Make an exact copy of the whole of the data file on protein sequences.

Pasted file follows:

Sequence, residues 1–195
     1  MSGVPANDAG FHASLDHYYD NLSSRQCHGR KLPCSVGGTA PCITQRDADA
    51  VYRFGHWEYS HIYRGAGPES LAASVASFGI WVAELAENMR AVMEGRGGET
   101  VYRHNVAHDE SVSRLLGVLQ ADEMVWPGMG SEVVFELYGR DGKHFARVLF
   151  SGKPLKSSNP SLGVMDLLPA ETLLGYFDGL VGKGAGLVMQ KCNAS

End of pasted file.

Sequence, residues 1–195
     1  MSGVPANDAG FHASLDHYYD NLSSRQCHGR KLPCSVGGTA PCITQRDADA
    51  VYRFGHWEYS HIYRGAGPES LAASVASFGI WVAELAENMR AVMEGRGGET
   101  VYRHNVAHDE SVSRLLGVLQ ADEMVWPGMG SEVVFELYGR DGKHFARVLF
   151  SGKPLKSSNP SLGVMDLLPA ETLLGYFDGL VGKGAGLVMQ KCNAS